Ask DSC: Can a Support Worker administer insulin?

Rob explores the training and conditions a provider must meet for Support Workers to be able to administer insulin.

By Rob Woolley

Updated 4 Jun 202429 May 20244 min read
Ask DSC text with a medicine bottle and a hand with a syringe

I am a Support Coordinator trying to assist a participant to find a provider that will administer insulin. We have been going round in circles for months - almost every provider has told the participant that a Support Worker legally cannot give the insulin injection, that it must be an Enrolled Nurse or sometimes even a Registered Nurse. The person’s NDIS Plan does not have the budget for this. Are these providers correct - can Support Workers administer insulin?

Insulin can be dangerous or even fatal if administered incorrectly, so there can’t be a ‘she’ll be right’ approach to who does it, eyeballing dosages and infection control. Yet, it’s also dangerous or even fatal for a participant not to get the insulin they need! Therefore, it’s vital to look at the conditions that would allow insulin to be administered in a safe way.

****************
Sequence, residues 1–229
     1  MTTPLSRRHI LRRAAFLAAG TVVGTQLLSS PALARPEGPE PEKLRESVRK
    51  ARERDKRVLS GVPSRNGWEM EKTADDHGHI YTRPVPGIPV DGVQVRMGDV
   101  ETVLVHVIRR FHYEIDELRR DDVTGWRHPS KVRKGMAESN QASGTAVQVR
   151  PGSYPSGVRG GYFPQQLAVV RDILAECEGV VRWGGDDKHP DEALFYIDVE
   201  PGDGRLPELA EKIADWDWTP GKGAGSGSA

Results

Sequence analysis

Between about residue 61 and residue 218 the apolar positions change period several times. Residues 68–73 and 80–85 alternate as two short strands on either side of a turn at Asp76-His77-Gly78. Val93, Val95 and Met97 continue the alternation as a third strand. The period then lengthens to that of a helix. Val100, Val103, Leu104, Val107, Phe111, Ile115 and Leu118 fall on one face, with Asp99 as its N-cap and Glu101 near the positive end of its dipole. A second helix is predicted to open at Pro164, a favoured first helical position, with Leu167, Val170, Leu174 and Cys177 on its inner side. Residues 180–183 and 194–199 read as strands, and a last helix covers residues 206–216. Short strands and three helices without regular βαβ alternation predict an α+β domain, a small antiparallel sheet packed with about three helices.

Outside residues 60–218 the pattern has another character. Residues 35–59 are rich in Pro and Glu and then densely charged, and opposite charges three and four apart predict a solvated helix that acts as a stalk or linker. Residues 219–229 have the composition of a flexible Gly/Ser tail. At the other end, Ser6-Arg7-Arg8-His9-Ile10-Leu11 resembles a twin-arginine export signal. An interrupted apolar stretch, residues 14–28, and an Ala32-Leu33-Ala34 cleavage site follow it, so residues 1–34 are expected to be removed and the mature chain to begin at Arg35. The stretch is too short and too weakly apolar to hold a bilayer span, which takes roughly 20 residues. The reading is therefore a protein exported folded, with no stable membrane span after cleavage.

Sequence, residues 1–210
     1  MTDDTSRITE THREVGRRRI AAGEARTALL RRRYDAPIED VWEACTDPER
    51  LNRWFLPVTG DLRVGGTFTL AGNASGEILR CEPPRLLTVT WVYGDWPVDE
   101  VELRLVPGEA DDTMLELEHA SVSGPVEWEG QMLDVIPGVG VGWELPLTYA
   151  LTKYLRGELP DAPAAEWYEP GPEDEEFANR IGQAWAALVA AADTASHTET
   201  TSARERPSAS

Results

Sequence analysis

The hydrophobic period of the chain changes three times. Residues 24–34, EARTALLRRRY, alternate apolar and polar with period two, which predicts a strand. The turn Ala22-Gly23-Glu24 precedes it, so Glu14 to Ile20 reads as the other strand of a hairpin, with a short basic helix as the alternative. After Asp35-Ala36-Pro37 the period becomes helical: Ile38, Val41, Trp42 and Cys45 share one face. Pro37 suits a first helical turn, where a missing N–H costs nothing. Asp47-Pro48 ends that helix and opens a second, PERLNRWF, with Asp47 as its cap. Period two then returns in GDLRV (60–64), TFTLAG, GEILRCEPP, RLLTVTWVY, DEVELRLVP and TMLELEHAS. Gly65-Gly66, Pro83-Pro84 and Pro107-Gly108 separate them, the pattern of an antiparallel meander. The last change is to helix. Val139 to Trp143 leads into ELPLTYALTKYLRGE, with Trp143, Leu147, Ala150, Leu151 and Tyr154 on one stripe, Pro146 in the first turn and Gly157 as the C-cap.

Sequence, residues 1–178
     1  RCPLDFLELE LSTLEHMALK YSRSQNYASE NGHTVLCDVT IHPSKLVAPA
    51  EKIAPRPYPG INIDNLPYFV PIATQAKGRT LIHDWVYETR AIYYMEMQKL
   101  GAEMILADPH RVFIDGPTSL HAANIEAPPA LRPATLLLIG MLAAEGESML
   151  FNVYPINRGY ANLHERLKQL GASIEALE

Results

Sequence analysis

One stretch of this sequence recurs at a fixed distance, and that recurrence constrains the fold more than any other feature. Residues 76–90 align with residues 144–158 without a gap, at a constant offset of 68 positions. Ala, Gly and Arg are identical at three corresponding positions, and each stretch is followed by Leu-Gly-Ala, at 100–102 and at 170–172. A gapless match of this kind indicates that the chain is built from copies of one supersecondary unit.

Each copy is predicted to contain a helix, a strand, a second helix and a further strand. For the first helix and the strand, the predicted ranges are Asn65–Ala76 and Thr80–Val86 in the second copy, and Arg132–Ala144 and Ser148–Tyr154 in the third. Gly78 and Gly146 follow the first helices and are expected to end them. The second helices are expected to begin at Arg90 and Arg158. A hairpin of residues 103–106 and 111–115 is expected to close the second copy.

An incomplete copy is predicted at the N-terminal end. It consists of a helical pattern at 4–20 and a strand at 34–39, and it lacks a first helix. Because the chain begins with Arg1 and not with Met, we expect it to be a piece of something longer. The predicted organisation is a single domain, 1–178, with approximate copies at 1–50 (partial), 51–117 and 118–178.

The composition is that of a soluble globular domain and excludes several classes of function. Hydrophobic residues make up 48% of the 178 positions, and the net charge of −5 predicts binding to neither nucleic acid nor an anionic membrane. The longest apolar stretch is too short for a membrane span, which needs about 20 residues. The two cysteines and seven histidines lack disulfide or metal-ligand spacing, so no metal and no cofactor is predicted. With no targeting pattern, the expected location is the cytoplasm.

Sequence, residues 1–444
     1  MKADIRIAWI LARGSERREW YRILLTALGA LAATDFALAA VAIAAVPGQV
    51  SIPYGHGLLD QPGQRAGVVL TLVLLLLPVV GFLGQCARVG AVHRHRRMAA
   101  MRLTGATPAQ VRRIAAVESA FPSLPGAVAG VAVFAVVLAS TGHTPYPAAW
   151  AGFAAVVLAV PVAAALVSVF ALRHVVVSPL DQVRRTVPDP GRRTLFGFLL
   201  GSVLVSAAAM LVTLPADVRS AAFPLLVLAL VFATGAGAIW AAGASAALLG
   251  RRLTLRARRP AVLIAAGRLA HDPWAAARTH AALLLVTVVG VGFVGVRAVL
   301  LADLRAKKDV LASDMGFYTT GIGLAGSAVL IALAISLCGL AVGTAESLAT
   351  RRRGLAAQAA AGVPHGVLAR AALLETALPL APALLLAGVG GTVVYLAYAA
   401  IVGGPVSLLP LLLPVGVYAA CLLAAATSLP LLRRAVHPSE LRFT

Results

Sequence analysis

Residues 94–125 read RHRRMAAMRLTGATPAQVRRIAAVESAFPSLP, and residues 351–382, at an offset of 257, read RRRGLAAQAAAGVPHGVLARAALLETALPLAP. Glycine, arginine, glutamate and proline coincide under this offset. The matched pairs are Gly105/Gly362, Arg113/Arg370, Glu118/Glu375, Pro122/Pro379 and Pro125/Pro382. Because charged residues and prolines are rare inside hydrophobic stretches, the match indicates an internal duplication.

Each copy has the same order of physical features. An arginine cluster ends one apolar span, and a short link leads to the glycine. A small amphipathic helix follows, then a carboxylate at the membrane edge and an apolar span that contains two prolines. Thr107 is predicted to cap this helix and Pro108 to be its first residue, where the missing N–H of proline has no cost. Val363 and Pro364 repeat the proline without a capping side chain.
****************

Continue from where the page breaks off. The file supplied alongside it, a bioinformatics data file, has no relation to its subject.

The bottom line is yes, Support Workers can administer insulin injections, under the delegation of Registered Nurses (RN). As in, there is no explicit law or NDIS rule to stop someone with the title of ‘Support Worker’ doing so when all other requirements are met. There are quality and training requirements that registered providers need to meet for Support Workers to administer subcutaneous injections. The NDIA can also build people’s plans based on this High Intensity support being delivered by Support Workers. The challenge is that some providers can’t offer this service (due to insurance limitations) or don’t like to offer this service (due to risk appetite). Let’s look at when Support Workers can administer insulin, and the conditions a provider needs to meet.

Please note: to the continued disappointment of my father, I am not a doctor or a lawyer. This is general information, and you should seek medical / legal advice for specific and technical enquiries.

NDIS Commission Skills Descriptors

One of the ways we know that Support Workers can administer insulin injections is because the NDIS Commission has training requirements for Support Workers from registered providers to administer injections. The Commission acknowledges that this practice has some inherent risks, even when delegated by a Registered Nurse. So outlines the extra requirements in the High Intensity Support Skills Descriptors. For subcutaneous injections (which is the delivery method for insulin), the provider must ensure that the injections are overseen by a relevant health practitioner. But that practitioner does not necessarily have to administer them. So, a Registered Nurse (RN) might train Support Workers, complete a support plan that is detailed and involves the person, identify risks, and design processes for incidents and emergencies.